Application of wireless sensors and sensor networks for Structural Health Monitoring has been investigated for a long time. Key limitations for practical use are energy requirements, connectivity, and integration with existing systems. Current sensors and sensor networks mainly rely on wired connectivity for communication and external power source for energy. This paper presents a suite of wireless sensors that are low-cost, maintenance free, rugged, and have long service life. The majority of the sensors considered were designed by transforming existing, proven, and robust wired sensors into wireless units. In this study, the wireless sensors were tested in laboratory conditions for calibration and evaluation along with wired sensors. The experimental results were also compared to theoretical results. The tests mostly show satisfactory performance of the wireless units. This work is part of a broader Federal Highway Administration sponsored project intended to ultimately validate a wireless sensing system on a real, operating structure to account for all the uncertainties, environmental conditions and operational variability that are encountered in the field.
There is a growing need to characterize unknown foundations and assess substructures in existing bridges. It is becoming an important issue for the serviceability and safety of bridges as well as for the possibility of partial reuse of existing infrastructures.
Within this broader contest, this paper investigates the possibility of identifying, locating and quantifying changes of boundary conditions, by leveraging a simply supported grid structure with a composite deck. Multi-reference impact tests are operated for the grid model and modification of one supporting bearing is done by replacing a steel cylindrical roller with a roller of compliant material. Impact based modal analysis provide global modal parameters such as damped natural frequencies, mode shapes and flexibility matrix that are used as indicators of boundary condition changes. An updating process combining a hybrid optimization algorithm and the finite element software suit ABAQUS is presented in this paper. The updated ABAQUS model of the grid that simulates the supporting bearing with springs is used to detect and quantify the change of the boundary conditions.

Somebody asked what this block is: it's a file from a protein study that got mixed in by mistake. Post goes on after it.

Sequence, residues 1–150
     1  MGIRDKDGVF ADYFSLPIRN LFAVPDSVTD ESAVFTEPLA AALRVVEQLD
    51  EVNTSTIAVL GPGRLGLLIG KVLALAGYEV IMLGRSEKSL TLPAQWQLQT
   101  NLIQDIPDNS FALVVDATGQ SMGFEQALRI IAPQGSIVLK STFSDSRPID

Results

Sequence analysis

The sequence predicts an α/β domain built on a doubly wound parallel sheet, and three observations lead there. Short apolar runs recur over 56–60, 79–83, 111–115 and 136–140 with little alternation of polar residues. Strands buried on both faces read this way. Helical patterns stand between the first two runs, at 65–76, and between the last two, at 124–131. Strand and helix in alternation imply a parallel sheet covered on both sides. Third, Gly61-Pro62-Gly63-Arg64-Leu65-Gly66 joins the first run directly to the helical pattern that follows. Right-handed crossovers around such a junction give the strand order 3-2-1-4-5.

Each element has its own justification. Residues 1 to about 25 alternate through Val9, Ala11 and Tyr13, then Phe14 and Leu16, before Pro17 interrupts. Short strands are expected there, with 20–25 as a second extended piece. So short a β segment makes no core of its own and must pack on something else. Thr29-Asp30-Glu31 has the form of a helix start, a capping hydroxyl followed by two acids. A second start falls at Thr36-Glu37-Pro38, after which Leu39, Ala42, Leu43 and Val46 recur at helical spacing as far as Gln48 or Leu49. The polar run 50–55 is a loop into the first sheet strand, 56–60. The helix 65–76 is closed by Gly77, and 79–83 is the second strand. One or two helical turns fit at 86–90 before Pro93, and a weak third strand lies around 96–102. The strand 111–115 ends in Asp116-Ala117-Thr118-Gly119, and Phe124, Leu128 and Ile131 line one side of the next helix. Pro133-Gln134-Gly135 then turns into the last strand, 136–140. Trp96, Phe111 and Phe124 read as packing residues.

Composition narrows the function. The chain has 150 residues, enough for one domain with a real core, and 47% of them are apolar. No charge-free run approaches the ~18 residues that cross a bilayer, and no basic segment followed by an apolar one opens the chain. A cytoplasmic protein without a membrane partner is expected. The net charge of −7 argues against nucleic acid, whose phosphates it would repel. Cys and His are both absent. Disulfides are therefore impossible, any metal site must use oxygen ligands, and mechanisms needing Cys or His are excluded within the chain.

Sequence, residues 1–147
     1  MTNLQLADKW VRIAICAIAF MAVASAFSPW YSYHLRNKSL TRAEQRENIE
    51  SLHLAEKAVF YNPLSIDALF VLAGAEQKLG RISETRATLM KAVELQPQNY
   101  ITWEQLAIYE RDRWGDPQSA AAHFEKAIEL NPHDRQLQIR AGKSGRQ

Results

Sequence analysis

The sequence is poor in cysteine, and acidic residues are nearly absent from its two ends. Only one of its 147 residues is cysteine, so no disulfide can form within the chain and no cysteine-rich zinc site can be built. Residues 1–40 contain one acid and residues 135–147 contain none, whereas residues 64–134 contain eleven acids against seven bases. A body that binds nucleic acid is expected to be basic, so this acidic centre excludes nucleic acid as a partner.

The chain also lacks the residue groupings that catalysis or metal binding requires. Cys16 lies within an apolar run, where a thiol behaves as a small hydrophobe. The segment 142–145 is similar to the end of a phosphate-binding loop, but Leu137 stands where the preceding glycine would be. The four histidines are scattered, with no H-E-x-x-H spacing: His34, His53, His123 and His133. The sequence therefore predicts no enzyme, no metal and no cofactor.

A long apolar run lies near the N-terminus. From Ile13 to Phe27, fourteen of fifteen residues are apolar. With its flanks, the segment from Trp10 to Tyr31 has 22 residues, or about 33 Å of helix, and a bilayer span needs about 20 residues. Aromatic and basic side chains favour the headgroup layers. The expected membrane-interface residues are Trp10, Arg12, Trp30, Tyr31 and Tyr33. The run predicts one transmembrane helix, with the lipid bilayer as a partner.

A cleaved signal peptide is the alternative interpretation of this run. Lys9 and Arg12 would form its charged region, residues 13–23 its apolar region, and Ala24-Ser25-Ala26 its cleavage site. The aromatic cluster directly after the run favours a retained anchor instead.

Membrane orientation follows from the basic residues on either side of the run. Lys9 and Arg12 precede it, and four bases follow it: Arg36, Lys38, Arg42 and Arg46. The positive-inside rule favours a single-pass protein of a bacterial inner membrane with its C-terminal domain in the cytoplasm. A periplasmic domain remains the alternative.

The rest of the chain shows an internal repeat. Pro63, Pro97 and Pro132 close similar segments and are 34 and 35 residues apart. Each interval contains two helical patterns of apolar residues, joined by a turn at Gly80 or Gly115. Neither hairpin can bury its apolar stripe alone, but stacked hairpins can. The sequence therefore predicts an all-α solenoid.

Vibroacoustic three-dimensional finite element simulations are performed to validate a novel formulation that
model leaky guided waves properties for waveguides surrounded by fluids. The above formulation couples a mesh
of semi-analytical finite elements (SAFE), to discretize the waveguide cross-section, with a mesh of boundary
elements (BEM) to model the unbounded outer fluid domain. The resulting dispersion curves are validated
through dedicated finite element simulations where the extracted time-transient waveforms are analyzed via a
modified Matrix Pencil Method in time and space. Wave simulations are achieved using ABAQUS/Explicit for
an elastic steel bar of square cross section immersed in water and the results obtained are compared with those
given by the SAFE-BEM method.